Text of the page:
The water’s fine

The water’s fine

Make sure your customers know how to maintain a proper temperature in their ponds.

September 30, 2014

Plants help regulate pond temperature. High temperatures from the sun can be harmful to pond plants and fish. Pond supplies, such as pumps and filters, can also be damaged by high temperatures because of increased algae growth, so it’s important that your customers monitor the water temperature of backyard ponds.

While higher temperatures can be tolerated in ponds without fish, the ideal pond temperature is 65 degrees Fahrenheit to 75 degrees. Fish can survive small pond temperatures of 35 degrees to 85 degrees, but if the water is consistently above 85 degrees, your customers will need to enact some cooling procedures to keep fish and plants healthy.

Safe cooling procedures are important to keep fish healthy and minimize sun exposure, which increases algae growth. It’s not a matter of changing out hot water for cooler water, though. Pond life will be shocked by the quick temperature change, and the fish and plants could die. Share some of the following tips with your customers for safely cooling ponds:

Plant trees around the pond. By adding trees around the pond, the shade will help decrease the pond’s exposure to sun and extreme heat. This is a natural way to cool water without affecting any of the internal workings of the pond’s habitat.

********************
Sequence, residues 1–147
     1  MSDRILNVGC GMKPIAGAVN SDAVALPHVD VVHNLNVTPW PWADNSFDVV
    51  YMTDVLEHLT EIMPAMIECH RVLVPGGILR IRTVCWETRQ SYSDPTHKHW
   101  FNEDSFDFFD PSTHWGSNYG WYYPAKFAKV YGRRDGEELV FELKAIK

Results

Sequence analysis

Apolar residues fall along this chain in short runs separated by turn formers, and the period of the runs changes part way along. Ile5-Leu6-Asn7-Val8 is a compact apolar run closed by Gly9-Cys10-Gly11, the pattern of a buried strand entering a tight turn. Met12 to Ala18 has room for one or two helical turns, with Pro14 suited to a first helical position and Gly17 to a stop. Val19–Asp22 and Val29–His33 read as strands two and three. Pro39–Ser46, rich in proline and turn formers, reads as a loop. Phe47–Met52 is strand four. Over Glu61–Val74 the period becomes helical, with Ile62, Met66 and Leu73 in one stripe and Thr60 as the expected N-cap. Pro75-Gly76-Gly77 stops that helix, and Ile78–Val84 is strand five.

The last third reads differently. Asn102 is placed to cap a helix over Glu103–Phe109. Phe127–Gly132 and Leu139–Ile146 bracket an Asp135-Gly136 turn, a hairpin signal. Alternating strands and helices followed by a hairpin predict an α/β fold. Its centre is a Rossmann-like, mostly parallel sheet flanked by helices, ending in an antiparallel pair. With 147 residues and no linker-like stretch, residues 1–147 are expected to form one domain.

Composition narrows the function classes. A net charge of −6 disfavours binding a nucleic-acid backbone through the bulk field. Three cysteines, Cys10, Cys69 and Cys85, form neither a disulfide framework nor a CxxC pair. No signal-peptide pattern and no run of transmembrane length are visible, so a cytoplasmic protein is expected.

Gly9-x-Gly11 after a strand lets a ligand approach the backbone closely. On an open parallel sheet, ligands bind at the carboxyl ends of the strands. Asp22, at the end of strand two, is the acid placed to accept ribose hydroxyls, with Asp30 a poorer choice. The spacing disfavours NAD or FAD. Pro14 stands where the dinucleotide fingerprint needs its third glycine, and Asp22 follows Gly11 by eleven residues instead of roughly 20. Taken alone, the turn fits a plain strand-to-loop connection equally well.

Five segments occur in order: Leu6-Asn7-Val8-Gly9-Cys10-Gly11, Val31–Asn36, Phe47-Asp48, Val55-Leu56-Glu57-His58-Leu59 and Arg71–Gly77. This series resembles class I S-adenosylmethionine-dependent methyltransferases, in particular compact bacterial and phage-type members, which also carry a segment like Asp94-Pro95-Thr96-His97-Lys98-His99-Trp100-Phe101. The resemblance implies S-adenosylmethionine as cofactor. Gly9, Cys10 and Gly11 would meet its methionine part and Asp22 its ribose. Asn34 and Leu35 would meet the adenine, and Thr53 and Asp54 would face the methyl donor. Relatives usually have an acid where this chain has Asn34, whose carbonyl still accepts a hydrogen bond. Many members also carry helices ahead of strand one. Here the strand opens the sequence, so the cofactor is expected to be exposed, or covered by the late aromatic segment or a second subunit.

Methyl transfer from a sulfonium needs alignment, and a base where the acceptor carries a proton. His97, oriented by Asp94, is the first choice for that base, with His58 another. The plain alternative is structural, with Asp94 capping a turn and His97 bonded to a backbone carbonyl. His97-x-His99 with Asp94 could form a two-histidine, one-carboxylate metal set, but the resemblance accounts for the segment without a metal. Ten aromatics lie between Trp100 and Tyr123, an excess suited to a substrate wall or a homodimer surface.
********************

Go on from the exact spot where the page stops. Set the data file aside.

Add lilies or other shady water plants. Adding decorative plants like lilies can help to cool backyard water features. Lilies lay on top of the water, protecting fish and the other plants from the sun’s heat.
Add a waterfall. Waterfall or fountain aerators aerate pond water, cooling it down. Customers can use a fan to cool the falling water before it enters the pond.
Use a pond tint. Pond tints help take the pressure off of pond filters during the hot sunlight. A slight blue tint keeps ponds cooler than they are with its natural color.

Using these cooling tips can help protect your customers’ pond life from the dangers of heat.

Information courtesy of Pondliner. For more, visit www.pondliner.com.